Photo courtesy of ABC News©
We don’t talk much about politics here at Gear Diary. It’s not our thing. We’re geeks and nerds here, not PoliSci majors. We like to talk about the positive side of tech.
But every once in a while, tech news and politics do bleed into each other. One of the classics is Net Neutrality, of course. Gizmodo being raided by the police for purchasing an allegedly stolen device. Early in my career, encryption software being treated as equivalent to a munition was a hot topic. You get the idea.
Since 9/11, a lot of the civil liberties that we all take for granted have been abrogated. For example, you may think that you have the right to habeas corpus–i.e., to demand an arresting officer or representative of the state present you with evidence of your crime in a court of law–but if the state determines, in public or secret, that you are a “terrorist”, you don’t; they can lock you away without rights, a lawyer, or anything. Same thing with wiretapping–used to be, they needed a warrant issued by a judge. Now, they just need to decide that you’re a “terrorist threat,” and they can tap your phone and computer lines to their hearts’ content. There’s no question that I find this scary.
One of the objections that a lot of “squishy liberals” had about the government moving in this direction was that it would trickle down to local law enforcement, and effect them in a negative way. And indeed it has, if reports are to be believed. For example, the blogger digby has recorded after instance of the police tasering people who were no threat whatsoever (including many deaths from this “non-lethal” weapon).
A well-known recent incident was that of a young man in Oakland who was helpless on the ground, with a policeman’s foot on his neck, who was shot in the back and killed. The list goes on.
Now ABC news is reporting, this one directly related to the geek world.
Everyone knows these days that you can photograph or video most anything with your phone. If you’re someplace where something unusual is happening, you’ll see at least one or two people holding up their phones, snapping photos or recording events. And apparently, the police have decided that they don’t like that very much. ABC reports:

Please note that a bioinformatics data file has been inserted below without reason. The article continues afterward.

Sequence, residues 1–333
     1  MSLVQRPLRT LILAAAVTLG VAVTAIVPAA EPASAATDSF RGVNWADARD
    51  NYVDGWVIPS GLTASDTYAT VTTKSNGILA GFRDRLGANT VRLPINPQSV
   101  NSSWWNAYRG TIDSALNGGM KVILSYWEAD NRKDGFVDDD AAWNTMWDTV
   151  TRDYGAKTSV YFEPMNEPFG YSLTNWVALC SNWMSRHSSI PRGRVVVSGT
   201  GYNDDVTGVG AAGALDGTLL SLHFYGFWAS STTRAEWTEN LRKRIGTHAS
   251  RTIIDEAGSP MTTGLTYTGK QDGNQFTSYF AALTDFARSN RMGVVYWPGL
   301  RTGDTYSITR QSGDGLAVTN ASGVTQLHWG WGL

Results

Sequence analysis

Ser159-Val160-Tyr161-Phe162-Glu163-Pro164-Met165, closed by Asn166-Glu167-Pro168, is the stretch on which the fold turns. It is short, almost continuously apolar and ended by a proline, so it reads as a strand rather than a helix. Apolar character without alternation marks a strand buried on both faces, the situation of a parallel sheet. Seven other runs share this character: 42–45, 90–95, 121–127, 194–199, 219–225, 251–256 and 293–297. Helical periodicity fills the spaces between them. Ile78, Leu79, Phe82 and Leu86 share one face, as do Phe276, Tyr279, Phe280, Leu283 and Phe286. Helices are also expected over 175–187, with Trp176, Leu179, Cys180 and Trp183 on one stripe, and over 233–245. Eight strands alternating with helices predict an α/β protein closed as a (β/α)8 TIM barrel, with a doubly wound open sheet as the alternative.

That Anthony Graber broke the law in early March is indisputable. He raced his Honda motorcycle down Interstate 95 in Maryland at 80 mph, popping a wheelie, roaring past cars and swerving across traffic lanes.
But it wasn’t his daredevil stunt that has the 25-year-old staff sergeant for the Maryland Air National Guard facing the possibility of 16 years in prison. For that, he was issued a speeding ticket. It was the video that Graber posted on YouTube one week later — taken with his helmet camera — of a plainclothes state trooper cutting him off and drawing a gun during the traffic stop near Baltimore.
In early April, state police officers raided Graber’s parents’ home in Abingdon, Md. They confiscated his camera, computers and external hard drives. Graber was indicted for allegedly violating state wiretap laws by recording the trooper without his consent.
Arrests such as Graber’s are becoming more common along with the proliferation of portable video cameras and cell-phone recorders. Videos of alleged police misconduct have become hot items on the Internet. YouTube still features Graber’s encounter along with numerous other witness videos. “The message is clearly, ‘Don’t criticize the police,'” said David Rocah, an attorney for the American Civil Liberties Union of Marylandwho is part of Graber’s defense team. “With these charges, anyone who would even think to record the police is now justifiably in fear that they will also be criminally charged.”
Carlos Miller, a Miami journalist who runs the blog “Photography Is Not a Crime,” said he has documented about 10 arrests since he started keeping track in 2007. Miller himself has been arrested twice for photographing the police. He won one case on appeal, he said, while the other was thrown out after the officer twice failed to appear in court.
Now, this particular Gear Diary writer finds this both horrifying and chilling–you video a police officer, and they can ship you off to the Big House. This is the land of the First Amendment? This is the country of accountability and government and law-enforcement transparency? No, it most certainly is not.
I don’t have any brilliant suggestions for folks, but be alert. Is your town or municipality one of those that either has a law like this on the books, or is considering implementing it? Fight it. Go to those insanely-boring city and town council meetings and protest. Sign on to protest petitions. Let your local politicians know that you think this is bogus, unConstitutional, and unAmerican.
This is how police states come about, folks. Let’s not let it happen.